Growth in sushi bars, hibachi grills reflects changing tastes
By Mike Wereschagin
Published: Saturday, February 25, 2012
Japanese restaurants slated to open highlight a trend that area restaurateurs say has been growing in recent years.
The increasing popularity of Japanese food -- from neighborhood sushi bars to elaborate hibachi grills with knife-twirling chefs -- has become a key part of the region's culinary transformation, said John Graf, vice president of the Priory Hospitality Group and Western Chapter representative for the Pennsylvania Restaurant Association.
"It seems like it's a trend that's picked up some steam in the last three or four years," Graf said. It's a marked change from his formative years in Pittsburgh in the 1970s and '80s, when "there were a couple of kinds of restaurants, and they all served steak."
Saga Hibachi Steakhouse & Sushi Bar opened its fifth restaurant in the region Feb. 21 at South Hills Village. Workers are preparing a space at The Galleria in Mt. Lebanon for Dragon Fire Japanese Steakhouse, Sushi Bar and Robatayaki. Nakama's decision to expand beyond its South Side location and open a restaurant in the North Side's blighted Garden Theater block is expected to spark redevelopment.
Nakama's South Side restaurant "is busy all day and all night. ... If they're able to replicate that (on the North Side), they'll make a gagillion dollars," said Bill Fuller, corporate chef of the Big Burrito chain of restaurants. The Big Burrito group includes Umi Japanese Restaurant and Soba, a pan-Asian restaurant, in Shadyside. "Umi has continued to grow in popularity. We're on track now to have our best year ever there."
Changing demographics drive demand for restaurants that offer more than the European staples of Pittsburgh's industrial past, Fuller said. High-tech jobs from university spinoffs and multinational companies such as Google attracted young professionals from around the world, he said.
"We've seen continued growth in the number of people from places like the Bay Area, New York, Miami. They're coming for the tech jobs, and they're used to cosmopolitan dining," Fuller said.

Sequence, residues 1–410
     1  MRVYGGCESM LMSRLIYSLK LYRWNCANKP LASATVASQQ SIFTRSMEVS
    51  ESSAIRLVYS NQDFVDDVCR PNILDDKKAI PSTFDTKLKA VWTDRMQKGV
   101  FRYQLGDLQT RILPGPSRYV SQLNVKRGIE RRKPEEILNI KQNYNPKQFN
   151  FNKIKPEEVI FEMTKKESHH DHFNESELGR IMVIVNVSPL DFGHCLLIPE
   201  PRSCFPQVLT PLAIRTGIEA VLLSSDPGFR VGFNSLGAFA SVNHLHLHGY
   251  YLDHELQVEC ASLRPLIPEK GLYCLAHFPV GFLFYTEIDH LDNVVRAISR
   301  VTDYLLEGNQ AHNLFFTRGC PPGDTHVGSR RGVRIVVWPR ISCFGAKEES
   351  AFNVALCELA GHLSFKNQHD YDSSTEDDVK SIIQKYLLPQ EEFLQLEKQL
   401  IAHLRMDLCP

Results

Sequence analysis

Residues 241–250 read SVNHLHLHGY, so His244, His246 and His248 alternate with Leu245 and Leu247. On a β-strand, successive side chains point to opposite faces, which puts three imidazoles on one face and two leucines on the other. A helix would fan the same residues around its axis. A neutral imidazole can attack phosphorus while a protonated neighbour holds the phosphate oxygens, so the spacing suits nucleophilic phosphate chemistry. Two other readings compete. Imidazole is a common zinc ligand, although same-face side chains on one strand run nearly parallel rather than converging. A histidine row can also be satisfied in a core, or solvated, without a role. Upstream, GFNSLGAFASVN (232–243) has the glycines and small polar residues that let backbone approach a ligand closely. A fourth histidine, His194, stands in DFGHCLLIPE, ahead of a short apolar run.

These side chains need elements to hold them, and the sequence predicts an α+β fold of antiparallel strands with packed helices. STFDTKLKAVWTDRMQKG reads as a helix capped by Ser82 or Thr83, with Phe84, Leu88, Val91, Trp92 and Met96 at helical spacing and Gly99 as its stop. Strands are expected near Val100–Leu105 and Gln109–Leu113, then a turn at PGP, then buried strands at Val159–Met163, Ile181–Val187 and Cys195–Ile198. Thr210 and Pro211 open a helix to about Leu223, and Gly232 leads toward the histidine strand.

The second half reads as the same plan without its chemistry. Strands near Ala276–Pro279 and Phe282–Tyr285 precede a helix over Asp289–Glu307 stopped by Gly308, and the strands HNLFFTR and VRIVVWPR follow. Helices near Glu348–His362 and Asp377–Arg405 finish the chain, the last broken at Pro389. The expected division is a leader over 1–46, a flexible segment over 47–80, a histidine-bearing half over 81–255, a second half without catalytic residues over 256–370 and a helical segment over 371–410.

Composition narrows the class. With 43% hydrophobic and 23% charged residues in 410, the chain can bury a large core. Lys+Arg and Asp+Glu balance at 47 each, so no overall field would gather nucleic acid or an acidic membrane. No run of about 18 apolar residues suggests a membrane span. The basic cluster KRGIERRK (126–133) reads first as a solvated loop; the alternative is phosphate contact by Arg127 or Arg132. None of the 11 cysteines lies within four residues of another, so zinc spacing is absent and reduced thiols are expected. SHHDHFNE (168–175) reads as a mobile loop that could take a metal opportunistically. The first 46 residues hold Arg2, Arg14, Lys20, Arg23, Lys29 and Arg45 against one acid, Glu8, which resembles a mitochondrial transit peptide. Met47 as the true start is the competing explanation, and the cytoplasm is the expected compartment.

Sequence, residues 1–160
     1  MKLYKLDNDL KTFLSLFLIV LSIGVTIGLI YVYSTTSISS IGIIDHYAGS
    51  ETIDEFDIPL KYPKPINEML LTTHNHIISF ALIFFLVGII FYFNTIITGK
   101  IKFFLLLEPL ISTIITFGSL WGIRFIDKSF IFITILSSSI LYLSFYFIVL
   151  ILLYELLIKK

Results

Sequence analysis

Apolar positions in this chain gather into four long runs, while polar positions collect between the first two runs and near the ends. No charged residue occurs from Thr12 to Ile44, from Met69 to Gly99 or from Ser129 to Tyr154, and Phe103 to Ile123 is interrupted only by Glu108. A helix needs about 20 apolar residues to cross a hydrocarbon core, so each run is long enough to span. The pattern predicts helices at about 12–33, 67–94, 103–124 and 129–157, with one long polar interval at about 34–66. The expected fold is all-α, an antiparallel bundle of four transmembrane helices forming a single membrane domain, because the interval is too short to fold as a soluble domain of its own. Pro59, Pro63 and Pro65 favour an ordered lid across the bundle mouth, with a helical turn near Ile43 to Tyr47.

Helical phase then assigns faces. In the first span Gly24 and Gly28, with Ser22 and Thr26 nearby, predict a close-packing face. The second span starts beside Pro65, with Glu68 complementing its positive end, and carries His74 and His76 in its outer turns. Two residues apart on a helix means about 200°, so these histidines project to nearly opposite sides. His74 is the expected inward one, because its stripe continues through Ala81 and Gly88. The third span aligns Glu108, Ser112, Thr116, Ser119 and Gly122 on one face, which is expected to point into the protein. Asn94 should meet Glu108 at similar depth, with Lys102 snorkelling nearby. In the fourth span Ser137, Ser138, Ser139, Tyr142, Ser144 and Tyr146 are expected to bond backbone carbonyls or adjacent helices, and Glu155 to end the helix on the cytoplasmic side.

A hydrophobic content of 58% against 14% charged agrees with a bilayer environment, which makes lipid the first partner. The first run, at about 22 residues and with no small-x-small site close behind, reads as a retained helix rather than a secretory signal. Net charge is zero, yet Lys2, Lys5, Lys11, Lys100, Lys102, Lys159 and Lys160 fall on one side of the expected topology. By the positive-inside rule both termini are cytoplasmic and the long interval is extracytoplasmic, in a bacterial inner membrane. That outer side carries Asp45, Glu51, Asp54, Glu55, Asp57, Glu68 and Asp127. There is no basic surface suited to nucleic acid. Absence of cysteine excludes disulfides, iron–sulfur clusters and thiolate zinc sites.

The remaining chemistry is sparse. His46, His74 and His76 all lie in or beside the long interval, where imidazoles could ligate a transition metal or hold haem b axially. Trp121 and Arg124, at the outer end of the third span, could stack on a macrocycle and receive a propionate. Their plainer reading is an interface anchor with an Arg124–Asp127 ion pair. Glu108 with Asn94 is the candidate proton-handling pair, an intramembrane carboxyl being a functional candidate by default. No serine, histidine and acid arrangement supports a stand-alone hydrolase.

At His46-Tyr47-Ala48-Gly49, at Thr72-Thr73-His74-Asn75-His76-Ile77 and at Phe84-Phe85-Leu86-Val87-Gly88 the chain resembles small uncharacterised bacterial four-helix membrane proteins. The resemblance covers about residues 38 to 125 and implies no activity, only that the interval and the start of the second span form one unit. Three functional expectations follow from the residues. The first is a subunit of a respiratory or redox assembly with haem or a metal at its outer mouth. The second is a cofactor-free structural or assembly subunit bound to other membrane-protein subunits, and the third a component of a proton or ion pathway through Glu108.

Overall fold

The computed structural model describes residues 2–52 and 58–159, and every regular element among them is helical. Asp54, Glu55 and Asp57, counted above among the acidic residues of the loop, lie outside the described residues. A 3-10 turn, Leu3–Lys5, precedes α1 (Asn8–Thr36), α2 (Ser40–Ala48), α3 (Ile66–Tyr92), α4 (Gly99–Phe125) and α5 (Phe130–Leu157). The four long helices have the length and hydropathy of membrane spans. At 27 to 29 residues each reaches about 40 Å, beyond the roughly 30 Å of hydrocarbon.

"I believe we're at a point where there's an increase in disposable income. Part of that is the exurbs, where we have tons of money pouring in due to the Marcellus shale gas explosion, and international wealth growth due to high-tech industries," he said.
Exurbs, well-off areas just beyond the suburbs, have been fertile ground for Japanese restaurants like Benichopsticks Chinese & Japanese Restaurant in McMurray, Washington County.
"We're doing pretty good," said Phillip Wang, the restaurant's owner. It's been open for eight years, and business growth has been driven by word of mouth, he said. "The customer tells his friends and family, and (it grows) like that."
Young families and business groups looking for something extra in their dining experience increasingly turn to hibachi-style restaurants, where diners ring a flat-top grill at which a chef puts on an elaborate cooking display, said David Liu, a business consultant working with Saga and several other Asian restaurants in the area.
"They want to have some entertainment rather than just sit there waiting for the food to come to your table," Liu said.
These restaurants offer another advantage, he said. Health-conscious diners can see everything that's going into their meal because it's prepared right in front of them, Liu said.
"Ten years ago, people would say, 'How can you eat raw fish?'" Liu said. Now the simplicity of a sushi dish appeals to people looking for whole, unprocessed food, he said.
Japanese cuisine fits well with these changed eating habits, Fuller said.
"It's lot of rice and vegetables and a little bit of protein," he said.
But the region's recent embrace of Japanese food has not included all of that country's fare, Graf said.
"You don't see other types of Japanese restaurants," Graf said. "There are a lot of noodle houses in Japan, and also a lot of places that are specializing in eel. You're not really seeing that type of Japanese cuisine."Additional Information:
Western Pennsylvania is home to dozens of Japanese restaurants. Here's where to find the ones appearing in this story:
Nakama -- 1611 East Carson St., South Side
Umi Japanese Restaurant -- 5847 Ellsworth Ave., Shadyside
Saga Hibachi Steakhouse & Sushi Bar -- 5 locations, including Route 19 in Cranberry and South Hills Village Mall in Bethel Park
Dragon Fire Japanese Steakhouse, Sushi Bar and Robatayaki (under construction) -- The Galleria in Mt. Lebanon
Benichopsticks Chinese & Japanese Restaurant -- 1025 Waterdam Plaza Dr., McMurray
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